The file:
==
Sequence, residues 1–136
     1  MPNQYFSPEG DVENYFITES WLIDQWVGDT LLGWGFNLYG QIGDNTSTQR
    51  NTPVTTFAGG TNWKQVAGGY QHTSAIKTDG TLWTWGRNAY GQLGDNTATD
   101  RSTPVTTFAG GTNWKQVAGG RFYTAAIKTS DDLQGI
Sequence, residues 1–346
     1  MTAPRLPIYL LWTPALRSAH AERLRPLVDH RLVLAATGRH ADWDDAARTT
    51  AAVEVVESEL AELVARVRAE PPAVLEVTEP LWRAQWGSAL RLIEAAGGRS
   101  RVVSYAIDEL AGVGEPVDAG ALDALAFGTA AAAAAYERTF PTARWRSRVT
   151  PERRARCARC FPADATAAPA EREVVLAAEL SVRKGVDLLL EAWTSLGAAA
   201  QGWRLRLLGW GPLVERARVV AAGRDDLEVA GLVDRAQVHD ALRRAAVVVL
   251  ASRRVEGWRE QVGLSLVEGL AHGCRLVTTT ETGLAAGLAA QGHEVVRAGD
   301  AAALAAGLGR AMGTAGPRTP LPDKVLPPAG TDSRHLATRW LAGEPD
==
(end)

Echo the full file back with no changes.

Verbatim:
Sequence, residues 1–136
     1  MPNQYFSPEG DVENYFITES WLIDQWVGDT LLGWGFNLYG QIGDNTSTQR
    51  NTPVTTFAGG TNWKQVAGGY QHTSAIKTDG TLWTWGRNAY GQLGDNTATD
   101  RSTPVTTFAG GTNWKQVAGG RFYTAAIKTS DDLQGI
Sequence, residues 1–346
     1  MTAPRLPIYL LWTPALRSAH AERLRPLVDH RLVLAATGRH ADWDDAARTT
    51  AAVEVVESEL AELVARVRAE PPAVLEVTEP LWRAQWGSAL RLIEAAGGRS
   101  RVVSYAIDEL AGVGEPVDAG ALDALAFGTA AAAAAYERTF PTARWRSRVT
   151  PERRARCARC FPADATAAPA EREVVLAAEL SVRKGVDLLL EAWTSLGAAA
   201  QGWRLRLLGW GPLVERARVV AAGRDDLEVA GLVDRAQVHD ALRRAAVVVL
   251  ASRRVEGWRE QVGLSLVEGL AHGCRLVTTT ETGLAAGLAA QGHEVVRAGD
   301  AAALAAGLGR AMGTAGPRTP LPDKVLPPAG TDSRHLATRW LAGEPD